22 December 2008

Advent 3 - Who are you? - Sermon

Advent 3B - Who are you?

By Stuart Pike

St. Andrew’s Church

11 December, 2005

 You could be forgiven for thinking that you were experiencing some sort of deja vu while you were listening to today’s Gospel reading. Come again? Didn’t we have that reading last Sunday?

Well the quick answer is: almost! Today we have the story of John the Baptist from the point of view of the Gospel of John. Last week we had the same story from the point of view of the Gospel of Mark! Big difference, right? It is a challenge for the preacher.

So I thought I would ask the question, what is the difference between last week’s lesson and this week’s? Both have the reference to Isaiah’s prophecy of the one crying out, “In the wilderness, prepare the way of the Lord.” Both have John referring to one coming after him and John says that he is not worthy to untie the thong of his sandal.

The main difference is that in today’s reading from John, we have some new characters who have shown up: the Priests and Levites. They are the religious heavies, who have been sent out to investigate John. They have been sent out from the temple in Jerusalem. This baptizer, John, is intruding in on their turf. No one else is supposed to be a religious force in Israel; just who does he think he is?

So they send them out to find out just that:

“Who are you,” they ask.

Who are you? It’s quite a question. Would we know how to answer it? Who am I? What do you stand for? What is important to you? Why are you here?

Who are you includes all of those questions and more. What is your essence? It is a good question to ask yourself during Advent. There might be people who want to know, or need to know. Maybe you need to know who you really are.

When I went to an Advent retreat a couple of years ago, the monk who lead the retreat asked us to consider who we really are. He sent us to meditate on a poem by R.L. Sharpe:

   Isn't it strange how princes and kings,

   and clowns that caper in sawdust rings,

   and common people, like you and me,

   are builders for eternity?

   Each is given a list of rules;

   a shapeless mass; a bag of tools.

   And each must fashion, ere life is flown,

   A stumbling block, or a Stepping-Stone.

            By R.L. Sharpe

That’s really what our lives are about isn’t it? It’s about taking the shapeless mass of ourselves and forming it into a shape. That shape is always about how we are in relationship to others. Will we turnout to be for others a stumbling block? Or a stepping-stone? If we are to be a stepping stone, then can we not be a part of Isaiah’s highway which makes a straight path for the Lord?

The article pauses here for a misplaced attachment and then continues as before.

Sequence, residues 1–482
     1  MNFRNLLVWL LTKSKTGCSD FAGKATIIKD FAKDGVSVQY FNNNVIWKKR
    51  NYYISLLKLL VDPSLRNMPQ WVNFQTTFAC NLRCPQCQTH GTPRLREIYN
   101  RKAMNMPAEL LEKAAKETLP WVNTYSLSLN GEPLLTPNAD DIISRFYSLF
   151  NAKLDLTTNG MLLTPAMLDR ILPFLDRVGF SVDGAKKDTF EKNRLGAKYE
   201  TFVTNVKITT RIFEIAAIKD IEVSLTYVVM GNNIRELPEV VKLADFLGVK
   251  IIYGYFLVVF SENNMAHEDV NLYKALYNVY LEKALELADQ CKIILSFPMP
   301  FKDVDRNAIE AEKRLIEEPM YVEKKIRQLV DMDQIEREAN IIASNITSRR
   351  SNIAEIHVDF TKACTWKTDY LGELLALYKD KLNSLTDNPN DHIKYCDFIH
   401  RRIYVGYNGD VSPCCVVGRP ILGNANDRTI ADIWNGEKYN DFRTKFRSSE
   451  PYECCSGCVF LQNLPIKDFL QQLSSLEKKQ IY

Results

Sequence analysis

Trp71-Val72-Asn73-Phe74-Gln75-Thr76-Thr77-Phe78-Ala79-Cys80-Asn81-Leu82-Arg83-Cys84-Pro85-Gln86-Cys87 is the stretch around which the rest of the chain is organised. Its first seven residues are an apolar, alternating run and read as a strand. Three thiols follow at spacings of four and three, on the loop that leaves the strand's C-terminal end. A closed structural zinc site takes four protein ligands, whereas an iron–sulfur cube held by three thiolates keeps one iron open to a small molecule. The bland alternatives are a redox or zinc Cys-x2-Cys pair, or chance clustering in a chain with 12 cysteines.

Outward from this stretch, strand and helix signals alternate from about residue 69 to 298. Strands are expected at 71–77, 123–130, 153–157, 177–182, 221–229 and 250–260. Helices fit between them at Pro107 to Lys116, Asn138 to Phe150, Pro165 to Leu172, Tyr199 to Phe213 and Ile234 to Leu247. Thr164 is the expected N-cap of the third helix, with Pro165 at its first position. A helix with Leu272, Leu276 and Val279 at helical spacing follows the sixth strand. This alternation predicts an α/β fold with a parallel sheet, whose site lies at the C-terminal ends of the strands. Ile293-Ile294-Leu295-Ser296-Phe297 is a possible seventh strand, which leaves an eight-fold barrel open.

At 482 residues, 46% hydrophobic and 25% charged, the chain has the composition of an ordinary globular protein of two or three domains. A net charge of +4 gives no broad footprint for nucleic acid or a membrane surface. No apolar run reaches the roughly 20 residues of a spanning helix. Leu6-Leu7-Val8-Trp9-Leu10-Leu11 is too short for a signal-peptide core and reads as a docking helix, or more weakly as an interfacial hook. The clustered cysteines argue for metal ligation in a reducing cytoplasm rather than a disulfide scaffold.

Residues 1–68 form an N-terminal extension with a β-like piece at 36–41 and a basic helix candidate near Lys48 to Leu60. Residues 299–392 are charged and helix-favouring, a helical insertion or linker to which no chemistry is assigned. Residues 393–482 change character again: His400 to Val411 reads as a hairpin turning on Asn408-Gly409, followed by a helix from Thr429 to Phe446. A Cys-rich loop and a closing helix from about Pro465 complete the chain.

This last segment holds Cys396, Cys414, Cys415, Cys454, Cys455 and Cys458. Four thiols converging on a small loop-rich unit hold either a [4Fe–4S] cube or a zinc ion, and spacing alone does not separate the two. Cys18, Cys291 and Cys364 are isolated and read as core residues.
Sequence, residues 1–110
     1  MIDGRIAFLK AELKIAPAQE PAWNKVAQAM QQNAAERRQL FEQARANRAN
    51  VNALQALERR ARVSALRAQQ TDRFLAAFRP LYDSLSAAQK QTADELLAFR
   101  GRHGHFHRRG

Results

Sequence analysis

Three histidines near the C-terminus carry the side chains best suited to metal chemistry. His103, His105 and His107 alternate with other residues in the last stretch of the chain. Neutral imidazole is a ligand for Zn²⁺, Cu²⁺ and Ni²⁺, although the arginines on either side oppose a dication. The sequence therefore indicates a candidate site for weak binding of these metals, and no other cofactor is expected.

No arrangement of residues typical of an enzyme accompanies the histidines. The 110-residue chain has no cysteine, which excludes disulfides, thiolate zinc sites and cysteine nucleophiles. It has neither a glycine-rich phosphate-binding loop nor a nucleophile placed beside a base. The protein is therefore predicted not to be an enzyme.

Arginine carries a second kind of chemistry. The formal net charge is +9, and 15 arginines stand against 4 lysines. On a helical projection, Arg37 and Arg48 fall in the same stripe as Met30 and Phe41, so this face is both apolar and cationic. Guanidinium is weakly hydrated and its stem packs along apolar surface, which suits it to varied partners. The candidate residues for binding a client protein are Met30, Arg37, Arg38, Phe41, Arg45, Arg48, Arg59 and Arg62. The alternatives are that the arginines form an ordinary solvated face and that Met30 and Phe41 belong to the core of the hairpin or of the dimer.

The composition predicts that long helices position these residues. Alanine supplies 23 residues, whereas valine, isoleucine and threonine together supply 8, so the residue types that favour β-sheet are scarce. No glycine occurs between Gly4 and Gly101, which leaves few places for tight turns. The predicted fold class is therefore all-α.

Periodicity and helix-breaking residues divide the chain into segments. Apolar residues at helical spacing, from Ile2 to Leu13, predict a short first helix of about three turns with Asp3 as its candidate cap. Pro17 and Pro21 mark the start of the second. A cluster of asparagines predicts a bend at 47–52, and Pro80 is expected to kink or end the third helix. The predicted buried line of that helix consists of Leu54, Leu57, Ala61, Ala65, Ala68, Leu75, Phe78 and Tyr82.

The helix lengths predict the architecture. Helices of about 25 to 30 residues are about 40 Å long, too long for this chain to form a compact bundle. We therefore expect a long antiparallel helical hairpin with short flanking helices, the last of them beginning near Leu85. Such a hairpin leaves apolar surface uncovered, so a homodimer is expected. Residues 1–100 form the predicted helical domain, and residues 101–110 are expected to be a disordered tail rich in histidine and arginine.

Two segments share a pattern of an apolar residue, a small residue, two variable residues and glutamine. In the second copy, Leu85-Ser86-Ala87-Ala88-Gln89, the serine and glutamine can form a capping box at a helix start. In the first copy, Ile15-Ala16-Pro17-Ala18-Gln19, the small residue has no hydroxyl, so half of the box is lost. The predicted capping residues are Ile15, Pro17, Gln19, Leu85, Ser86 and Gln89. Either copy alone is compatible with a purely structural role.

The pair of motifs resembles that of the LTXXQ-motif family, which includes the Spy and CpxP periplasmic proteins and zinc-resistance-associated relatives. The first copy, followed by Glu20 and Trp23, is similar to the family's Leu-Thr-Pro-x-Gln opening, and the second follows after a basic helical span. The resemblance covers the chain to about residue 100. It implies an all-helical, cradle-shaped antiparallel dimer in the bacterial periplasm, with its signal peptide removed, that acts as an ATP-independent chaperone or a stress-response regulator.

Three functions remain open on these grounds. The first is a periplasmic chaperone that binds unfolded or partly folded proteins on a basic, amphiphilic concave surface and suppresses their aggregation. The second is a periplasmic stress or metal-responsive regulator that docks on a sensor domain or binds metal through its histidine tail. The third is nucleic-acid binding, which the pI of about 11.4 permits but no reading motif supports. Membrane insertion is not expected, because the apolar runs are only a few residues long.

It sounds too grandiose doesn’t it? Surely we need to be more humble than this, don’t we?

I remember when Nelson Mandela was made President of South Africa after years of imprisonment under the Apartheid rule. His speech was also about asking the question, “Who am I?” He quoted Marrianne Williamson when he said:

"Our deepest fear is not that we are inadequate. Our deepest fear is that we are powerful beyond measure. It is our light, not our darkness, that most frightens us. We ask ourselves, 'Who am I to be brilliant, gorgeous, talented, fabulous?' Actually, who are you not to be? You are a child of God. Your playing small doesn't serve the world. Thee's nothing enlightened about shrinking so that other people won't feel insecure around you. We are all meant to shine as children do. We were born to make manifest the glory of God that is within us. It's not just in some of us, it's in everyone. And as we let our own light shine, we unconsciously give other people permission to do the same. As we're liberated from our own fear, our presence automatically liberates others."

(Marianne Williamson, quoted by Nelson Mandela)

Ask yourself the question posed to John the Baptist: who are you? When you know who you are, you also realize whose you are.

How have you been fashioning your life? What shape is it?

As the darkening days of Advent draw ever closer to the light of Christ’s birth, ask how you can use the tools, or gifts which you have been given, to reflect Christ’s light brightly. Make straight the way of the Lord - be a stepping stone for others. Amen.

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